In Stockholm, the capital of Sweden, there is a building called “Stockholm City Hall,” built-in 1923.
This Stockholm City Hall is a famous landmark in Sweden and is used as the venue for the Nobel Prize ceremony, which is held every year on December 10.
This article will introduce Stockholm City Hall in Sweden in detail.
Features of Stockholm City Hall
Stockholm City Hall is a reddish-brown brick building with a distinctive exterior that stands along Lake Mälaren in Stockholm, the capital of Sweden.
It is marked by its massive red brick exterior, bronze roof, and a golden monument glowing at the top of the tower.
The building perfectly harmonizes with the cityscape of Stockholm, the city of water, also known as the “Venice of Scandinavia.”
Nine bells at the top of the tower are used when it is time for the bells to ring, the beautiful sound of the echoes of the bell through Stockholm.
And the most significant feature of Stockholm City Hall is that it is the venue for the Nobel Prize Ceremony, which is held in Sweden every year on December 10.
Stockholm City Hall is widely known worldwide as the building where Nobel Prize ceremonies, dinners, and balls are held.
By the way, among the Nobel Prize categories, only the Nobel Peace Prize is awarded at the Oslo City Hall in Norway.
This is because Alfred Nobel, the creator of the Nobel Prize, wanted both Sweden and Norway to have peaceful relations.
You can read more about Oslo City Hall in Norway in this article.
A building considered a masterpiece of 20th-century architecture
Construction of Stockholm City Hall began in 1909 by architect Ragnar Östberg and was completed 14 years later in 1923.
During construction, the building was designed concerning the Palazzo Ducale in Venice and other European countries.
A National Romanticism building expressing ethnicity and regionalism that was popular in the Nordic countries and the Baltic states at the beginning of the 20th century, Stockholm City Hall is hailed as a masterpiece of 20th-century architecture.
Places of interest in Stockholm City Hall
Stockholm City Hall, known as the venue for the Nobel Prize award ceremony, is a popular tourist attraction that attracts many visitors yearly.
The interior of Stockholm City Hall is only accessible when a tour guide is in tow.
There are several points of interest in the building, such as a restaurant in the City Hall, where visitors can enjoy the same menu served at the annual Nobel Prize banquet by making a reservation in advance.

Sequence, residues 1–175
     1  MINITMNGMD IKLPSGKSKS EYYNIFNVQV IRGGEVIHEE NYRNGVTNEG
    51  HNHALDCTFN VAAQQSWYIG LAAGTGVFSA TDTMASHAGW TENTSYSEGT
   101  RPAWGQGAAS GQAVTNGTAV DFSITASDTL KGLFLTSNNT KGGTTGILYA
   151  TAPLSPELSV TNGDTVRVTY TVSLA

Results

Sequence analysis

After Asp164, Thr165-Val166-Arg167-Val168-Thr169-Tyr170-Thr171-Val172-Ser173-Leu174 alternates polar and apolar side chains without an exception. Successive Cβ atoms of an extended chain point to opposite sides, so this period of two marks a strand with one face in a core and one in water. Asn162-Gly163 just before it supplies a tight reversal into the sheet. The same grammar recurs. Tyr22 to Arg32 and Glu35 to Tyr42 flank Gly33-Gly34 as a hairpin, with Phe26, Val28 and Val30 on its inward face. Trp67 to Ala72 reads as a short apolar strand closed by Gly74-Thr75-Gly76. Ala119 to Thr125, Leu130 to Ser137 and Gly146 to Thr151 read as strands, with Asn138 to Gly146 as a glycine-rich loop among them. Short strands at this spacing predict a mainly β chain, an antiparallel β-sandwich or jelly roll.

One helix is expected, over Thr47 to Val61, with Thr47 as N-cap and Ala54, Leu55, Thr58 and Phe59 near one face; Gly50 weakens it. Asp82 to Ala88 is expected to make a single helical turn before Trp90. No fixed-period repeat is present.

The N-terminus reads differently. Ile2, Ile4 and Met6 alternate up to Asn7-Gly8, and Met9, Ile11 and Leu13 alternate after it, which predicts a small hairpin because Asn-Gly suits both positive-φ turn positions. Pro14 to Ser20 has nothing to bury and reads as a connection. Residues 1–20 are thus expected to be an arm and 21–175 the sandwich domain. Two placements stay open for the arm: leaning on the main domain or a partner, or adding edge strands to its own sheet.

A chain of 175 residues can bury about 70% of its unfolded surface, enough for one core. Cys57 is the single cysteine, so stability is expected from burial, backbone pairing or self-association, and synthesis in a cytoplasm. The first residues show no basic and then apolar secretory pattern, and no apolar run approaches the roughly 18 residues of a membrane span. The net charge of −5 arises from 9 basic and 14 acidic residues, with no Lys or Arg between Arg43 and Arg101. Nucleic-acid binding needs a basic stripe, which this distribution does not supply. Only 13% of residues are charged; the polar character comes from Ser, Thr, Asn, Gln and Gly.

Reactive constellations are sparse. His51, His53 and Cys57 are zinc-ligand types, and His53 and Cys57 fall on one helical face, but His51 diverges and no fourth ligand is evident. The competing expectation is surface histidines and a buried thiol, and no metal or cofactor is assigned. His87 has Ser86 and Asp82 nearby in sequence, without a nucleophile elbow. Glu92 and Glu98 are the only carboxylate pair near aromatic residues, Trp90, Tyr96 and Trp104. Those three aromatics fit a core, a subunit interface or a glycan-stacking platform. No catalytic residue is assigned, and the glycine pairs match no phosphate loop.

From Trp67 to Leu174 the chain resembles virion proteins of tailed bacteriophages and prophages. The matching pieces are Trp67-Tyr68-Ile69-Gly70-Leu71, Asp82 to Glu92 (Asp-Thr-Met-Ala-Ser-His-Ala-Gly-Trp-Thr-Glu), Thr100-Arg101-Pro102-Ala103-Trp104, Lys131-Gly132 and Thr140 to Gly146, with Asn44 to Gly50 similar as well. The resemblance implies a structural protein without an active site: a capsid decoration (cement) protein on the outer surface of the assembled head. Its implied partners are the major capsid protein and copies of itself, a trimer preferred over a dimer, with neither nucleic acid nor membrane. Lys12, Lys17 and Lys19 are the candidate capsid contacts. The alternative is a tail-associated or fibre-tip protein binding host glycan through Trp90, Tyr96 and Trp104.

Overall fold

You can also tour the city council chambers, where debates are held twice a month.
The wooden ceiling of the city council chambers uses the architectural techniques of the wooden ships of the Vikings, who invaded and traded along the coast of Western Europe between the 9th and 12th centuries.
106m tower overlooking Stockholm city
The tower towering over Stockholm City Hall is also open to visitors only during the season from May to September.
The tower is 106 meters high, and at 73 meters above sea level, there is a viewing platform from which visitors can enjoy a panoramic view of the Stockholm cityscape.
There are a total of 365 steps from the tower entrance, and for safety reasons, only 30 people can enter at a time.
From the tower of Stockholm City Hall, you can see the picture-postcard view of the world of Stockholm, which is formed from a total of 14 islands and is filled with colorful buildings.
Other views include the old Swedish town of Gamla Stan, located on the other side of Lake Mälaren, which leads to the Baltic Sea.
By the way, Gamla Stan was also the model for the Ghibli movie “KiKi’s Delivery Service.”https://hokuou-info.com/2022/06/06/gamla-stan/
The Blue Hall, where the commemorative dinner will be held
The venue for the Nobel Prize Dinner held every December is the “Blue Hall” in Stockholm City Hall.
The Blue Hall has a high, open ceiling surrounded by red brick walls.
Why is a room with a red brick floor called the “Blue Hall”?
As for the origin of the name “Blue Hall,” it was planned to paint the walls of the room blue when the Stockholm City Hall was first built.
However, the interior of the red brick was more beautiful than expected, and the backstory is that the application of the blue color was abruptly stopped, keeping the name “Blue Hall” in the conception stage.
Another architectural feature of the Blue Hall is the blue-gray cobblestone pavement.
At first glance, the floor may look plain for a dinner party venue.
The floor is designed to be subdued to emphasize the color of the evening gowns worn by female participants at the banquet.
“Golden Hall” was used for the ball
A ball is also held at the Nobel Prize Ceremony, and the Golden Hall, located on the second floor of Stockholm City Hall, is used as the venue for the ball.
The Golden Hall is covered with mosaics with gold leaf on all the walls, giving the interior a palatial splendor.
The amount of gold leaf used is estimated to be as much as 19 million pieces.
Built in 1923, Stockholm City Hall is a popular tourist attraction in Sweden that has been used as the venue for the world-famous Nobel Prize Ceremony.
It is only an 8-minute walk from Stockholm Central Station, making it a great place to visit when sightseeing in Stockholm.